If Buddhism is anything it is "spiritual," it's about being alive, it's about breathing.

It's also a religion, in the original sense of the word: coming from Latin religare, to bind back.


I'm afraid that etymology is incorrect. It is one that was invented by Tertullian, a Christian writer of the Roman era. But modern day linguists would rather agree with Cicero who had it that 'religio' stems form 'religere', that is 're-read'.
In other words, ritual.

Mxl

Mike H said...

Anonymous:

in other words not much about buddhism, just about his own life and his own encounters with buddhism.

What do you think Buddhism actually is then???

Brad writes a lot about Buddism, it's in the stories about his life and his encounters with Buddhism. He doesn't annotate the text with Buddhist footnotes - that's your job!!!

Justin said...

What do you think Buddhism actually is then???

Brad writes a lot about Buddism, it's in the stories about his life and his encounters with Buddhism.


In that case my wife watching X-Factor is also Buddhism, but I doubt that's what the poster wanted. In one sense everything is Buddhism, but that doesn't mean that everything is helpful for realising the dharma.

Mumon said...

proulx michel:

Thanks for the info; I'll have to look that up some more.

On the other hand Cicero or Tertullian regardless, religions do have certain common features to them, Buddhism has many of those common features, hence due to those aspects Buddhism can be properly called a religion, if those common features are both necessary and sufficient to define a religion.

What "is and is not" seems to be a relatively common topic with those with whom I converse in cyberspace of late; in response to a bit on "Big Mind" by Genpo Merzel over at Tricycle I left a comment.

Brad's right on the subject of the ideal versus the real (some forms of "materialism" are themselves metaphysical philosphies, actually - they makes assumptions about that which is beyond the material world). Though you can go further: the "Identity of the Relative and the Absolute" as well as the Perfection of Wisdom material implies that the relative ant the absolute are precisely coincident with each other.

But the folks who, hearing that in a zendo or from a roshi go one step further and engage in sophistry saying there are false dichotomies because they don't like logical outcomes deny that form is form in a fundamental sense.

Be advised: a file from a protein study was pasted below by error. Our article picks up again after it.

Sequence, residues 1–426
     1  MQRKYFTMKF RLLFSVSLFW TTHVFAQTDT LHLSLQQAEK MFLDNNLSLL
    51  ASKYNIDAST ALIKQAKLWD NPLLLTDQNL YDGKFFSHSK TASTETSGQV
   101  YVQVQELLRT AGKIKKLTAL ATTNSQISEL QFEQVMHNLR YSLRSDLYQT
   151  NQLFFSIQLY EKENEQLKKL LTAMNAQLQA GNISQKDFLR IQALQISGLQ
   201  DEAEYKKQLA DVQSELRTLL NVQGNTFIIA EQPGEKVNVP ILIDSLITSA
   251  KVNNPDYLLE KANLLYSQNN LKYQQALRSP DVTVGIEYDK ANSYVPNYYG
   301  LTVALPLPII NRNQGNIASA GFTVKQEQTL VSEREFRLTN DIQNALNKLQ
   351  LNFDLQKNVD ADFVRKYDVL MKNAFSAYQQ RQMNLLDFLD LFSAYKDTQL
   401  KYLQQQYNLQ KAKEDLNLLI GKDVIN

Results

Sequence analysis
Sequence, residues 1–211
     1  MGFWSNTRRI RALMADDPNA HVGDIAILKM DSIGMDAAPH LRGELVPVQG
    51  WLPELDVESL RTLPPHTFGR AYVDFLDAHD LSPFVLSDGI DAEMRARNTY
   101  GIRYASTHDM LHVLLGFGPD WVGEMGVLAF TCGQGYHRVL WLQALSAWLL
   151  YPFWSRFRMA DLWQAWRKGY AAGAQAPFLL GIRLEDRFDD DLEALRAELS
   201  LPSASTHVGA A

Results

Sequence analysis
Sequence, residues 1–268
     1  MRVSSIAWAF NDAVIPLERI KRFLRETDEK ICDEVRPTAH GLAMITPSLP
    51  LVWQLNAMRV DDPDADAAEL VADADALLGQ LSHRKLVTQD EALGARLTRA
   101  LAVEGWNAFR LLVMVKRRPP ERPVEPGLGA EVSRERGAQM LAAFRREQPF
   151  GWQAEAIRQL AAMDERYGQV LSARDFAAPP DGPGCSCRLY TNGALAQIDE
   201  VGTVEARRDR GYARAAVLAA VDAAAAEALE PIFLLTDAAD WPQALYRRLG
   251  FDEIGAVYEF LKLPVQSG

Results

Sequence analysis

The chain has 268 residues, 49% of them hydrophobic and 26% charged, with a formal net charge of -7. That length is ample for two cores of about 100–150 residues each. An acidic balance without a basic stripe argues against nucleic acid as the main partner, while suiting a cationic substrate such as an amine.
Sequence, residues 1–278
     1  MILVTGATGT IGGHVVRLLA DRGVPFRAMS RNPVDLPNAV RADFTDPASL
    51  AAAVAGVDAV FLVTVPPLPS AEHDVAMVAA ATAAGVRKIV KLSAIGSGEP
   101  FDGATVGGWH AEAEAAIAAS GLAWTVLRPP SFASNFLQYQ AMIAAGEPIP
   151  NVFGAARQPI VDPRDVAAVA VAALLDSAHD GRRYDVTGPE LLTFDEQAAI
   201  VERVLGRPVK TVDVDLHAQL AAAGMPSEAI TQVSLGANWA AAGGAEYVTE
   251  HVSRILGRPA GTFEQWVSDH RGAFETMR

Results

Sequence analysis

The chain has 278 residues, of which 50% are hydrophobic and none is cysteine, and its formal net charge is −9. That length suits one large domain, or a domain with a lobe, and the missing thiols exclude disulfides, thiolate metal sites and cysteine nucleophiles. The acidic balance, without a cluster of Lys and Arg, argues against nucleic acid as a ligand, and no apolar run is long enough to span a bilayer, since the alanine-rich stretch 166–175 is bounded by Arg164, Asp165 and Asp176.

Anonymous said...

Mike H

my point exactly: (re: Brad not talking about 'buddhism' but about his own life, his experiences as a buddhist), that people are needlessly disappointed if they come with expectations about what a lecture 'should' be.

However, I will say this. There is not a single teacher who will fail to disappoint if you stick with them long enough (and hopefully you do stick with them even longer--all the way).

This disappointment and the accompanying pain is inevitable and a gift of sorts.

So with respect to Brad not failing to disappointment I can say I have not been disappointed in that regard: he has utterly and completely disappointed me.

humans and buddhas

may we all realize the buddha way together

Mike H said...

However, I will say this. There is not a single teacher who will fail to disappoint if you stick with them long enough (and hopefully you do stick with them even longer--all the way).

Disappointment is a wonderful teacher. It's much easier to hand a pedestal back than it is to step down off it and hand it back.

I think that people become disappointed with teachers because they want them to be perfect and project their own concepts of perfection onto them (which is just an expression of non-acceptance).

As for sticking all the way whatever that means. I think I stuck with my last teacher (on and off) until it was time to say good bye.These days I'm not looking to any one person for "The Answer".

Anyway, what does the end look like? Does everyone turn out the same? Different? Somewhere in-between?

This disappointment and the accompanying pain is inevitable and a gift of sorts.
Indeed, if you realise why the pain and disappointment are there. Some teachers are disappointing because they are not any good at teaching!!!!

So with respect to Brad not failing to disappointment I can say I have not been disappointed in that regard: he has utterly and completely disappointed me.

I think he'd be pleased to hear that.